Tag Archives: Regency

Historical Costume 1800-1820: a spencer for a skimpy gown?

In BBC's 1995 Pride and Prejudice, Mary and Jane wear spencers, Lizzie wears a shawl, and Lydia wears…er…nothing

In BBC’s 1995 Pride & Prejudice, Mary and Jane wear a spencer, Lizzie wears a shawl, and Lydia wears…er…nothing

What to wear if it’s cold? A spencer?

replica Regency gowns with spencers

Replica spencers (BBC’s Persuasion)

As the Pride & Prejudice picture shows, the high-waisted Regency gown needed a particular kind of outerwear.
A normally-waisted coat would have ruined the shape of the lady’s silhouette. So fashion called for something special. The answer was the spencer.

From about 1804, the spencer was a short-waisted jacket with long sleeves. It could be prim and proper, buttoned up to the neck, as modelled by Mary Bennet (above). Or it could be rather more risqué, accentuating the bosom, as Jane Bennet’s does.

But why was it called a spencer? Continue reading

Historical Costume 1800-1820 : the simple Regency gown?

1807 white muslin wedding dress © Victoria & Albert Museum, London

A Regency gown might not be so simple?

1807 wedding dress asymmetric embroidery on front

A Regency gown might look simple but the wedding dress shown above clearly is not. Mainly because of the hand-embroidered muslin, rather than the fairly standard design.

That stunning dress was worn by a seventeen-year-old bride, Mary Dalton Norcliffe, for her marriage to Dr Charles Best in York on 11 June 1807. It’s made of Indian muslin and the V&A suggests the embroidery was done in India, too. Not only is there beautiful embroidery all round the hem and train, there is asymmetric embroidery across the front of the skirt, recalling the classical toga. You may find it easier to see the white-on-white embroidery in the close-up, shown left. Continue reading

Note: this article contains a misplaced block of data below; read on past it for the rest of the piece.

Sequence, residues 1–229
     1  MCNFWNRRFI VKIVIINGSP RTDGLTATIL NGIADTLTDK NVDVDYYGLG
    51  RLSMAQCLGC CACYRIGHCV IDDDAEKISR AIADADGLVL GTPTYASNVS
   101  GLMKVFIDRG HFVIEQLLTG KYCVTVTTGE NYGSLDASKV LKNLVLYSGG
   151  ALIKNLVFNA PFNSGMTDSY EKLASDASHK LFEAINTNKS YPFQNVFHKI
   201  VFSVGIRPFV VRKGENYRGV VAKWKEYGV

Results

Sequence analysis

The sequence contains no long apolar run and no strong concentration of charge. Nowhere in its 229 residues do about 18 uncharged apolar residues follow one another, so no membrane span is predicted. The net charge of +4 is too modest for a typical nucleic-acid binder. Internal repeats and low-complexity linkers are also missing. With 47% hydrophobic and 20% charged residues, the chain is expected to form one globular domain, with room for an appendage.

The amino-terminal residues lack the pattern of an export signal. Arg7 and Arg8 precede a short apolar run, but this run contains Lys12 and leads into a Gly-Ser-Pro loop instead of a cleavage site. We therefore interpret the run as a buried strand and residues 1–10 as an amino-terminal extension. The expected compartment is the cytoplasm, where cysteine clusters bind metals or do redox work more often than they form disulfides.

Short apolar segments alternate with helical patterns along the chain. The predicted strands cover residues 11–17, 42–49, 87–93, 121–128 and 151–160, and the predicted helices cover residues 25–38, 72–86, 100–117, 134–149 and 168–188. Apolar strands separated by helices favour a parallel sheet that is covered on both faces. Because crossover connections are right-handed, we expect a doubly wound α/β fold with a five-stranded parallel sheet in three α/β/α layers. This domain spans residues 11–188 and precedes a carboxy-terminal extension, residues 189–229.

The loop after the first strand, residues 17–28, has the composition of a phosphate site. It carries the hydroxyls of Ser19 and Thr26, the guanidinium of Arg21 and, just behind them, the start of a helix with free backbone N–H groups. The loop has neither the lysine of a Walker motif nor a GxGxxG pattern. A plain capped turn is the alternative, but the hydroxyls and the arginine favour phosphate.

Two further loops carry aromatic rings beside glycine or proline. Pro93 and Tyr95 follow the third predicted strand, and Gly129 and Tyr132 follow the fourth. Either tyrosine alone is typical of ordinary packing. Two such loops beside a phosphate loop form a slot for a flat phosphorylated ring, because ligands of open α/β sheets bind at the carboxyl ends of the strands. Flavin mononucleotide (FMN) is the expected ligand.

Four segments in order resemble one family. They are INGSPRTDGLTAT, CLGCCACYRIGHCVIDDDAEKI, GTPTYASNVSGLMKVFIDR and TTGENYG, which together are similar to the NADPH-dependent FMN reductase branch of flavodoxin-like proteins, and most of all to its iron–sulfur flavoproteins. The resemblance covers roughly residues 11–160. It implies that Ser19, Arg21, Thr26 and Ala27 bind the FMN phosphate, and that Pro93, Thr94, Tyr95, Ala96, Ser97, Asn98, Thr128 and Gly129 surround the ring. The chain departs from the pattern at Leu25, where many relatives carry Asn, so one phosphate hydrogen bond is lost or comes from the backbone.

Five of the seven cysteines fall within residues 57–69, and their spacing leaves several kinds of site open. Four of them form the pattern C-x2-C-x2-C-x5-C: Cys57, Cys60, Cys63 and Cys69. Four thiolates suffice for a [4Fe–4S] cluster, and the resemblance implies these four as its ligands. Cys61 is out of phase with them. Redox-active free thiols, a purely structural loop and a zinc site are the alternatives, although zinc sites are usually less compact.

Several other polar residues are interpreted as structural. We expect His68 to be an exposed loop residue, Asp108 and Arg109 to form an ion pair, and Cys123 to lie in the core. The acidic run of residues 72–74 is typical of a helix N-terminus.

A Sideways Look at Regency Life — All At Sea!

figure contemplating slightly stormy sea

When we read fiction set in the Regency period, we often come across references to sea journeys but, usually, they’re over pretty quickly. On one page, we’re at Dover or Harwich or Falmouth. A paragraph or two later, we’ve arrived at our destination and the story continues. (Not in all fiction, of course. Who could forget Mary Challoner’s horrendous cross-Channel trip in Heyer’s Devil’s Cub? Still, at least Vidal proffered a basin at the vital moment.)

Nowadays, our ships have GPS and radar and even engines! 😉 So this modern figure, staring out over a slightly stormy sea, has little to fear from going on board. But what was it really like, making a sea voyage on one of the Regency’s relatively tiny and fragile sailing craft?

Let’s take an imaginary sea journey…

Continue reading

Regency gowns: clean, alter, mend the damage

Imagine a Regency lady with a beautiful evening gown, like this one in grey silk with pink trimmings and grey gauze oversleeves. But — oh, dear — she’s ripped it, or perhaps something has been spilled on it. Who will repair the damage or clean off the stain? The lady herself? Continue reading

Napoleon bares his breast — a cautionary editing tale